The AAR rents (for a certain number of uses) its membership list for use in mailing catalogs, flyers, announcements, etc. which are of a professional interest to the profession. We exclude from those rentals, of course, addresses for members who have opted out.
We are very specific with the terminology we use in saying that we "rent" the list (meaning that we retain all rights and control over the use of the list) rather than "sell" it.
At the top of the Interest Area List, it is explained that these counts are for all member types in all geographic areas; if you are requesting (for example) only "regular members in the U.S.," then you are choosing to receive only a portion of the total members with that interest area.
Also, if you select more than one interest area, the lists are deduplicated. Thus, a person may have (for example) an interest in Anthropology (D01) and Archaeology (D02), and thus appear in the base count for both lists, but she or he will only appear once in the final label set. It is for this reason that you cannot simply add together the interest area counts to predict the total numbers.
Our sytem will provide an instant count and cost for most selections, so it is not necessary for you to do the mathematics. Use this functionality to ascertain the count and cost based on parameters you select.
On the label rental request page, we ask advertisers to allow us two business days to process payments. We make every effort to process submissions and payments by the next business day. If the timing issue is critical, however, we encourage you to call Aislinn Jones (404-727-8132) or the main AAR information line (404-727-3049) to be certain that no delay is anticipated.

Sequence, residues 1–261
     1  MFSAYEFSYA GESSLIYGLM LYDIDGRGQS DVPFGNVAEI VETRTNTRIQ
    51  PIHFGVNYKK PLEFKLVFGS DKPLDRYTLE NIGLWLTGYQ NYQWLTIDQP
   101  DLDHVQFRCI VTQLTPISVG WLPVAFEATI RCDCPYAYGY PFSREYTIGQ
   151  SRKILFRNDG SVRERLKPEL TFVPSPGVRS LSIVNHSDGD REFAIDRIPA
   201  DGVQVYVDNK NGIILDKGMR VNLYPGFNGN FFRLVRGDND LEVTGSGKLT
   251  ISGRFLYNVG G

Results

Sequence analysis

Because AAR memberships run for the calendar year, the number of members in the AAR increases substantially over the course of the year. We require payment within thirty days to ensure that the number of names provided approximates the membership count that was returned at the time of the list request.
The simple answer is that the long ID was required by a credit card processor we used in the early days of online payment.
While we no longer use the card processor with that requirement, we have retained the long order ID because it gives us useful information at a glance.
For example, consider the order ID LBL20050301R12345A25000:
The first three characters (LBL) indicate that it is an label rental ID.
The next eight characters (20050301) are the date (four digits for the year, two for the month, two for the date).
The next six characters (R12345) are the letter R followed by a five-digit identifier (which is a combination of a random number and a number derived mathematically from the other characters in the order ID, which helps safeguard against typographical errors).
The final characters (A25000) are the letter A followed by the amount in U.S. cents (i.e., dollars and cents, without the decimal point).
Thus, at a glance, AAR employees can look at this order ID and know that it was a label rental request submitted on March 1, 2005 in the amount of $250.00.
In conversation, we are often able to refer simply to the "R Number" – the letter R and the five digits that follow it in the middle of the order ID. This number is not unique – but in a telephone conversation there is generally enough other information to help us be certain we are looking at the correct submission.
In e-mail correspondence, we simply ask that the entire order ID be copied and pasted, to ensure accuracy.